“I’ve always said that while we have one student in Collegewho needs our support the kitchens here will not shut”, said Kevin Dudley, Pembroke’sExecutive Chef. “We continue to look after those who have had to stay inresidence, and when the Council got in contact about this need in the widercommunity it seemed obvious that we could provide the solution. Pembroke College is providing homeless people in Oxford with three meals a day in response to the COVID-19 outbreak. The College is participating in a Council-run scheme which delivers food to three temporary homeless shelters. An email to Pembroke students suggested that the project may reach 100 people. Dame Lynne Brindley, Master of Pembroke, said: “Everyone inCollege is immensely proud of our catering team who are once again putting inextra effort to show the meaning of being a caring community.” The College is confident that the increased demand on thecatering team will not place staff or the 50 students remaining in college indanger. A College spokesperson confirmed to Cherwell that the smallnumber of staff adhere to social distancing policy and that drivers are askedto clean their hands and are provided with new pairs of gloves at each pick-up. “My team, who are working long shifts with small numbers onduty at a time, have been fantastic in stepping up.” The scheme provides two hot meals and a cold breakfast, which are delivered by volunteer drivers each day. Coordinated by Oxford City Council, the scheme began a two-week trial period on Saturday, with the aim of an extension if successful. Thousands of meals will be provided, offered by the College at cost price. The Council has taken further measures to help homeless people during the crisis. 100 hotel rooms have been leased to provide accommodation, whilst the Porch day centre for homeless and vulnerable people has launched a £20,000 COVID-19 Response Fund. However, the Council reports that some rough sleepers have not yet been accommodated or have refused offers of accommodation. Image Credit to Djr Xi / Wikimedia Commons. License: CC-BY-SA-4.0,3.0,2.5,2.0,1.0.
Department Head ReportsNew BusinessJob Fair: May 10, 2018 1:00-3:00 at the CK Newsome CenterCounty Employee Burdette Park Passes Public CommentConsent ItemsContracts, Agreements and LeasesOld Courthouse: Renewal Lease Agreement with Fosse & Associates Architects, Inc. Suites 100 &101 Old BusinessCounty Auditor: February & March 2018 Accounts Payable Vouchers Approval to Pay (2) County Council Claims civic center AGENDA of Vanderburgh County Board of CommissionersApril 17, 2018 at 3:00 pm, Room 301Call to OrderAttendancePledge of AllegiancePermission to Open Bids: VC18-04-02: Repair & Repaving of Baumgart Road Action Items GAGE Update with Ellen Horan Discussion of Health Savings Account Opportunity with Tony FlittnerFirst Reading of Ordinance CO.05-18-010: Driving Past Barricades Final Reading of Ordinance CO.04-18-009: Amending Chapter 6.05 of the County Animal Control Policy Surplus Request: Area Plan Commission for a Vehicle Soil and Water Conservation District: March 26, 2018 Monthly Report County Clerk: March 2018 Monthly Report County Treasurer: March 2018 Monthly ReportBurdette Park: Food Quotes 2018Road Closure Request: St. Jude Give Hope. Run AdjournmentFacebookTwitterCopy LinkEmail Approval of April 3, 2018 Meeting MinutesEmployment Changes Letter to Indiana Gaming Commission Regarding Bingo at the Coliseum Superintendent of County Buildings:Old Courthouse Pump Repair QuoteOld Courthouse DeBra-Kuempel’s Preventative Maintenance Service Agreement Three Year Renewal United Neighborhoods of Evansville: March 2018 Monthly Report Travel Request: Veteran’s Services County Clerk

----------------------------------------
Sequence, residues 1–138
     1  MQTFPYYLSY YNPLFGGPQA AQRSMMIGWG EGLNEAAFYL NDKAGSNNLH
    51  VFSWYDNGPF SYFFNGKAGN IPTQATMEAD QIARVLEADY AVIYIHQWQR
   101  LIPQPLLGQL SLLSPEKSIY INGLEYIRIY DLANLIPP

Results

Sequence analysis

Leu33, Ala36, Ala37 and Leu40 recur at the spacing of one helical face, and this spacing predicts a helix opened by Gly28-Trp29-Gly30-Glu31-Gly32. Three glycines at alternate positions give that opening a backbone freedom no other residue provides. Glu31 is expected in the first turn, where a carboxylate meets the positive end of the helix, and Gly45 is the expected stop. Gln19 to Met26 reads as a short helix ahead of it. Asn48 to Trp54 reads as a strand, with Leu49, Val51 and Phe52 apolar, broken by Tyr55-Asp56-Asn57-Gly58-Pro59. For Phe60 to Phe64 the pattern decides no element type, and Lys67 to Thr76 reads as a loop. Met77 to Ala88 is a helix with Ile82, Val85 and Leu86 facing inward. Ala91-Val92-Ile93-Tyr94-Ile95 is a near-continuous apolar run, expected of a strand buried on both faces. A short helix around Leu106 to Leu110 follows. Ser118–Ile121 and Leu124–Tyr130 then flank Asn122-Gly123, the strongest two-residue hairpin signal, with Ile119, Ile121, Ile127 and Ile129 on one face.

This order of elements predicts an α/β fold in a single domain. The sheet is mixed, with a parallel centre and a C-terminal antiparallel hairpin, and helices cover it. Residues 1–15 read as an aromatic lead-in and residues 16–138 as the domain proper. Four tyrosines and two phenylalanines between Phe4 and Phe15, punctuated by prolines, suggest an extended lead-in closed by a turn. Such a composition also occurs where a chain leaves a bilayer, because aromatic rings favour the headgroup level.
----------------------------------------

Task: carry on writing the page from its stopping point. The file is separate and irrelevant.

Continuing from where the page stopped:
The Harvard Art Museums present two traveling exhibitions devoted to underexplored aspects of the work of Lyonel Feininger (1871–1956), one of the major figures of European modernism. Lyonel Feininger: Drawings and Watercolors from the William S. Lieberman Bequest to the Busch-Reisinger Museum highlights an important recent acquisition of a stunning group of drawings and watercolors from the collection of the legendary curator. Lyonel Feininger: Photographs, 1928–1939, assembled primarily from Harvard University’s Houghton Library, is the first to explore the artist’s little-known photographic work. Drawing on vast but largely untapped resources and new research, the two exhibitions and their accompanying catalogues examine the aesthetic and intellectual dimensions of Feininger’s achievements within each of these distinct media. Many of the works included have never before been exhibited or published and thus allow for a fresh assessment of this otherwise well-known figure.Feininger at Harvard: Drawings, Watercolors, and Photographs, which encompasses both exhibitions, will be presented in Germany at the Kupferstichkabinett, Staatliche Museen zu Berlin from Feb. 25 to May 15, 2011, and the Pinakothek der Moderne, Munich from June 2 to July 17, 2011. Lyonel Feininger: Photographs, 1928–1939 then travels to the J. Paul Getty Museum, Los Angeles, where it will be on view from Oct. 25, 2011 to March 11, 2012. In Los Angeles it will be complemented by a related installation of photographs by Bauhaus masters and students from the Getty’s collection. The final venue for the photography exhibition will be the Harvard Art Museums/Arthur M. Sackler Museum, from March 30 to June 2, 2012, where it will be accompanied by a selection of works from the drawings and watercolors exhibition.